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NAUSICA: PrivAcy-AWare traNSparent deCIsions group

Research group We are interested in privacy-aware transparent AI systems. We focus on data privacy for data processing, privacy-aware machine learning for building models and data analytics, and decision models for making decisions.

AI systems are increasingly used for enhancing decision-making. One of the main building blocks of AI is data. Machine and statistical learning methods are used to extract knowledge from the underlying data in terms of models and inferences. The typical workflow comprises of feeding pre-processed data into machine learning algorithms, followed by algorithms transforming data into models, and finally, the models are embedded into AI systems for decision-making.

Important privacy issues

Machine learning and AI have spread into numerous domains where sensitive personal data are collected from users. Domains like healthcare, personal financial services, social networking, e-commerce, location services and recommender systems are some of these domains. Data from these domains are continuously collected and analysed to derive useful decision and inferences. However, the sensitive nature of these data raises privacy concerns that cannot be successfully addressed through naive anonymization alone.

Not only data, but models and aggregates can also lead to disclosure as they can contain traces of the data used in their computations. Attacks on data (e.g., reidentification and transparency attacks) and on models (e.g., membership attacks, model inversion) have proven the need for appropriate protection mechanisms.

Strongly supported research

Our research is mainly supported by the Wallenberg AI, Autonomous Systems and Software Programme, WASP, funded by the Knut and Alice Wallenberg Foundation. Additional support is provided by Kempestiftelserna, the Swedish Research Council and Forte, the Swedish Research Council for Health, Working Life and Welfare.

The NAUSICA research group develops techniques so that data, models, and decisions are made with appropriate privacy guarantees. AI systems must be able to handle uncertainty in order to be used in the real world, where ambiguity, vagueness and randomness are rarely absent. Approximate reasoning studies models of reasoning that deal with uncertainty, such as probability-based, proof theory-based and fuzzy set-based models.

Responsible AI

AI systems, in line with trustworthy AI guidelines, have as fundamental requirements fairness, accountability, explainability, and transparency. Requirements affect the whole design and building process of AI systems, from data to decisions. Data privacy, machine and statistical learning, and approximate reasoning models are basic components of this process, but they need to be combined to provide a holistic solution.

Our research group is interested in privacy-aware transparent AI systems. We want to understand the fundamental principles that permit us to build these systems, and develop algorithms for this purpose. We focus on data privacy for data processing, privacy-aware machine learning for building models and data analytics, and decision models for making decisions.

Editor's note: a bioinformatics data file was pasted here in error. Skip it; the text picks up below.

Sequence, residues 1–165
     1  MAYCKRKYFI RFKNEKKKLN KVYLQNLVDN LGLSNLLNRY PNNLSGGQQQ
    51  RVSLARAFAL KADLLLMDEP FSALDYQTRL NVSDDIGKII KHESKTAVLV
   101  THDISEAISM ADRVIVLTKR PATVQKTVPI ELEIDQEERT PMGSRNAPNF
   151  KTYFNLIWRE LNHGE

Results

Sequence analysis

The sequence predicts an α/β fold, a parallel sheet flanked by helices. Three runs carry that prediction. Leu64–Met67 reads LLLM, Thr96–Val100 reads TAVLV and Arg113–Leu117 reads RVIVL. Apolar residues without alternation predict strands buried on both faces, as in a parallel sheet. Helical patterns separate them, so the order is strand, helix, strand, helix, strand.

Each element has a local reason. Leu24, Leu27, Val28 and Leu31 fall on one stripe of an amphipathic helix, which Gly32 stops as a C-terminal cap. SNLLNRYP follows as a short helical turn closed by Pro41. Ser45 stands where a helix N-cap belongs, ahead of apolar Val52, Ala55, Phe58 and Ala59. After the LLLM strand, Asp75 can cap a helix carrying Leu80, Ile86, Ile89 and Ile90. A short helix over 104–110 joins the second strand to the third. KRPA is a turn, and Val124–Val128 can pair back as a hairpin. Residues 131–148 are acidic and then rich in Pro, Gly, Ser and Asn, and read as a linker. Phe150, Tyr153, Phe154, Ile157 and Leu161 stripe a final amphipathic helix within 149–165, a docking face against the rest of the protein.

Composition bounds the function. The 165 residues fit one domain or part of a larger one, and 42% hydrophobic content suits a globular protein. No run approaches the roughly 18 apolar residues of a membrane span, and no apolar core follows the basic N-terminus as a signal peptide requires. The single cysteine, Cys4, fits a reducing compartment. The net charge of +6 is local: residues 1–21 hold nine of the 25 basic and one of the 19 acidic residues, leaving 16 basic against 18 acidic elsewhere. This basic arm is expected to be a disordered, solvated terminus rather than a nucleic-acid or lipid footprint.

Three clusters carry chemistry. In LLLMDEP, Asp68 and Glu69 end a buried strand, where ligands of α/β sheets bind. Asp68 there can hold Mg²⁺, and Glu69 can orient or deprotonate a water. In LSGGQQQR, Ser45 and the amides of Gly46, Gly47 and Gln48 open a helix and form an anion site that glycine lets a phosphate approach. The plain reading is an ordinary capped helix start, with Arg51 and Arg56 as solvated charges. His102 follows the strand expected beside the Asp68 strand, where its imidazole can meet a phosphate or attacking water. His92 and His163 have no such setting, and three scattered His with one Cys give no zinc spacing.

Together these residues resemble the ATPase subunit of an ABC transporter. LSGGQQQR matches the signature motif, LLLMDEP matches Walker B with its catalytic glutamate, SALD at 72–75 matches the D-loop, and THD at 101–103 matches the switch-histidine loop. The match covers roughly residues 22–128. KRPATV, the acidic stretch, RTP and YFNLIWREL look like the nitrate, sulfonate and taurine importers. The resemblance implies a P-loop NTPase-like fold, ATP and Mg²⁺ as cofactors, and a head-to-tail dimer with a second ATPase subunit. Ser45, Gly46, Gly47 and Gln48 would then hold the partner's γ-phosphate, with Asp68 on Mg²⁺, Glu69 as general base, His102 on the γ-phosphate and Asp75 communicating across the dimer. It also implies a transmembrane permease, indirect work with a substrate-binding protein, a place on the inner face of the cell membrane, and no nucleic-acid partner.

International research collaborations

The group collaborates with several national and international research groups at Tamagawa University, Osaka University, and Tsukuba University in Japan, as well as Maynooth University in Ireland and Universitat Autònoma de Barcelona, and has links with industry and governmental organisations.

Some keywords of our research

Data privacy and machine learning

  • Privacy-aware machine and statistical learning methods
  • Privacy-aware federated learning
  • Disclosure risk assessment
  • Transparency attacks
  • Privacy models (privacy for reidentification, k-anonymity, differential and integral privacy)
  • Masking methods
  • Statistical disclosure control.

Approximate reasoning

  • Fuzzy sets and systems
  • Non-additive measures and integrals
  • Aggregation functions
  • Decision making

Current projects

  • "Privacy for complex data." Funded by the Swedish Research Council, (2023-2027)
  • "Privacy-aware secure explainable data-driven models in federated learning." Funded by the Swedish Research Council, (2024-2028)
  • "Identification and analysis of non-additive measures." Funded by Kempestiftelserna, (2023-2025)
  • "Understanding and designing Block Copolymers using AI."
    Funded by Kempestiftelserna, (2024-2027)
  • Appropriate automation: towards an understanding of robots and AI in the social services from an organizational and user perspective, Forte, (2021-2027)
  • CyberSecIT: Automated and Autonomous Cybersecurity for IoT, funded by WASP, (2022-2027)

Head of research


Participating departments and units at Umeå University

Department of Computing Science

Research area

Computing science

External funding

Wallenberg AI, Autonomous Systems and Software Program, The Kempe Foundation, Swedish Research Council, Forte

External funding

Young Umeå researchers selected to participate in Nobel Week

25 young researchers are selected to meet to be inspired and inspire others.

Vicenç Torra new professor in AI and privacy

Vicenç Torra is a new professor at the department of Computing Science.

Latest update: 2024-05-28